The FTC is closing out 2022 with additional guidance for mobile health app developers signaling its continued interest in this industry. Since 2021, we have seen several steps from the agency demonstrating a focus on companies that collect health information but may not be a covered entity or business associate under HIPAA. This includes publishing additional resources, releasing commentary broadly interpreting the FTC’s Health Breach Notification Rule, and enforcement activity. Most recently, the FTC and other key regulators updated its “Mobile Health App Interactive Tool”.
Continue Reading Google’s Privacy “Data Safety” Form Is Now Available
Apple has issued new guidelines for apps that let people create accounts. The guidelines will require these apps to give people a way to delete their accounts. This requirement is broader than CCPA and GDPR deletion rights, as it applies to all users (not just those from specific territories). The requirements go into effect for submissions starting January 31, 2022.
Continue Reading Apple To Require Ability to Delete Accounts In-App
Google recently announced that beginning next year it will require Android mobile apps to provide privacy disclosures. These disclosures will live in a new “safety section” in Google Play. The requirements include disclosing:
- What information the app collects and how information is used;
- How the app protects information and if it uses encryption;
- If information is shared and if users have a choice about sharing;
- If users can request data deletion; and
- If the disclosures made in the safety section have been verified by an independent third party.
The FTC recently settled with Flo Health, Inc., a popular fertility-tracking app, based on promises made about how health data would be shared. In its complaint, the FTC alleged that while Flo promised to keep users’ health data private and only use it to provide the app’s services to users, in fact, health information of over 100 million users was being shared with popular third party companies. Namely, third parties who provided marketing and analytics services to the app.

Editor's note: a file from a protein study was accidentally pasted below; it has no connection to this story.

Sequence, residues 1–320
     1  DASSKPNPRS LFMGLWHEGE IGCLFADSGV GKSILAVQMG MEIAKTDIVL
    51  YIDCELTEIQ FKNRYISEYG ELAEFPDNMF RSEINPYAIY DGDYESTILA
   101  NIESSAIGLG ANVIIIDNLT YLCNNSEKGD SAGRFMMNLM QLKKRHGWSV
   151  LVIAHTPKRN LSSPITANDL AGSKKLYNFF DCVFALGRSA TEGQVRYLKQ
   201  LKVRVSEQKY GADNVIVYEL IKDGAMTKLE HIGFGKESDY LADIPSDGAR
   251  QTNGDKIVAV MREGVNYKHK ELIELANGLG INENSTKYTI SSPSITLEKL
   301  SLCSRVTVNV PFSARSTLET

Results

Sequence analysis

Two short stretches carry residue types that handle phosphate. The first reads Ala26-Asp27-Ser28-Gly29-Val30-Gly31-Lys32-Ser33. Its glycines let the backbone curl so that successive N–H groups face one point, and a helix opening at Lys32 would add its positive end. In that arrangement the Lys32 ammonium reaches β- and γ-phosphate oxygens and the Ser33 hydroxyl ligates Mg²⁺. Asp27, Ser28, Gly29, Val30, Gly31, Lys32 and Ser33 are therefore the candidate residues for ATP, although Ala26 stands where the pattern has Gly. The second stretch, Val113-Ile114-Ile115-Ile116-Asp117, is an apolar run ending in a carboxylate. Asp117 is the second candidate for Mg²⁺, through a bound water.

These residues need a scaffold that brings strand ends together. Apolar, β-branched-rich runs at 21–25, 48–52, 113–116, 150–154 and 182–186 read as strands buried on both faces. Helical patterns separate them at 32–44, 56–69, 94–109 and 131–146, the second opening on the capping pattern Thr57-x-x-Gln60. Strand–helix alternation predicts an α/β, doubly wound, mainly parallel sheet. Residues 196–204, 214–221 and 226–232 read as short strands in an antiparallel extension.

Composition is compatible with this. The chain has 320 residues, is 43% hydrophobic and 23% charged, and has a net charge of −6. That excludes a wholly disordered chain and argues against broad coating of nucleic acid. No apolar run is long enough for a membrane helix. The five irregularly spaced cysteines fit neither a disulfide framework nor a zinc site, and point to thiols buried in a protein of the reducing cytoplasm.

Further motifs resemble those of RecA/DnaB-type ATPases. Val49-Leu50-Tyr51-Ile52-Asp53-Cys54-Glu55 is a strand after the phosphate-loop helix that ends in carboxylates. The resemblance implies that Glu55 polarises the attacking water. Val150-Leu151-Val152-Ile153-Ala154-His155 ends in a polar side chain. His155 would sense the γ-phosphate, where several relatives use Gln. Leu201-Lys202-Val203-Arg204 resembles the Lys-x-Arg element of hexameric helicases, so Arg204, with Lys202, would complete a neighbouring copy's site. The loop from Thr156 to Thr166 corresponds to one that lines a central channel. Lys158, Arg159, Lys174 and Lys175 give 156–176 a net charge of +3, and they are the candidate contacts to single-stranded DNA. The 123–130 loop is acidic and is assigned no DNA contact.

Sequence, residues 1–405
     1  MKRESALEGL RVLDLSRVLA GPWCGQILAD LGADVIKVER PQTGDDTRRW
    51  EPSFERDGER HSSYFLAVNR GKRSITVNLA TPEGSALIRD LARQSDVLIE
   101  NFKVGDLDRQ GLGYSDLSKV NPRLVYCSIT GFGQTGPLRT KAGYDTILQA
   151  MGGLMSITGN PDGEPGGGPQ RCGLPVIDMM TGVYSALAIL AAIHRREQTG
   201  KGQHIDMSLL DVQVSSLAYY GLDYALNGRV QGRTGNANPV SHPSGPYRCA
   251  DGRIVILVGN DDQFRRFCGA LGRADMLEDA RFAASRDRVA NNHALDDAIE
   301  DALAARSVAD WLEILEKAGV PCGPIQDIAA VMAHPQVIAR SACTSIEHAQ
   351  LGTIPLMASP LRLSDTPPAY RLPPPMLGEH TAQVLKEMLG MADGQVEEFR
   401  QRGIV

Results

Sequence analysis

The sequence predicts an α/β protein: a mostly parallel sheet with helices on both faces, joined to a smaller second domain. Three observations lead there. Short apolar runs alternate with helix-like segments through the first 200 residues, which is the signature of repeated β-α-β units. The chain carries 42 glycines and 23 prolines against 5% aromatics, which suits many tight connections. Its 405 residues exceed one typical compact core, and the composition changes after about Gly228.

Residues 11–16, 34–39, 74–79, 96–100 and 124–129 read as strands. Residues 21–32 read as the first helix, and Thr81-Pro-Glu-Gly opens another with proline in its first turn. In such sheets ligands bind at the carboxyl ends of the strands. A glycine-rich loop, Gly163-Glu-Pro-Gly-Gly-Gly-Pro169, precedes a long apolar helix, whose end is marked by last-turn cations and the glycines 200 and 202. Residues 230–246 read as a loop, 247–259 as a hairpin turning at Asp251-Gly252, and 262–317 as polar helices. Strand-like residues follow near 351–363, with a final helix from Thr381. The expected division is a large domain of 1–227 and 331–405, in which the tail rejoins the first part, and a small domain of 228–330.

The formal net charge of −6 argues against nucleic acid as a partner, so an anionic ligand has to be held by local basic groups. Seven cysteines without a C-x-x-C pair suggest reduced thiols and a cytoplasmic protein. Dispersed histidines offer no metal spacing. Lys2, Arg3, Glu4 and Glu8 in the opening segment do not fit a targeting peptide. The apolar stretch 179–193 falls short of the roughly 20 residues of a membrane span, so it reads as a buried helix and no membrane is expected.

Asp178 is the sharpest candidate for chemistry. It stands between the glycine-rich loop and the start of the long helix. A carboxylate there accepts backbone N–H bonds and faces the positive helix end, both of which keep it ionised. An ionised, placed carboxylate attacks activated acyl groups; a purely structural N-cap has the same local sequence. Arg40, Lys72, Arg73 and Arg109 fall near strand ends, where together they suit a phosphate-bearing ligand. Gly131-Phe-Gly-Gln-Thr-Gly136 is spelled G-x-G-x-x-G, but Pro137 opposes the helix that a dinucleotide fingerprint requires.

Continue Reading FTC Settles with Fertility Tracking App For Alleged Deceptive Data Sharing Practices
The FTC recently settled with the mobile phone company BLU Products, Inc., over allegations that the company was letting one of its vendors pull extensive and detailed personal information off of users’ phones. According to the FTC, BLU phones were pre-loaded with firmware updating tools made by ADUPS Technology. ADUPS, through its software, was then able to gain full administrative control of phones, according to the FTC complaint. Indeed, the FTC alleged that the software transmitted to ADUPS, without users knowledge, full content of text messages, real-time cell tower location data, contact lists, call logs, and lists of applications installed on phones. This became public in November 2016, and BLU assured consumers on its website that this “unexpected” data collection practices had stopped. According to the FTC, though, older devices still had this software.
Continue Reading FTC Outlines Expected Privacy Program Elements in BLU Settlement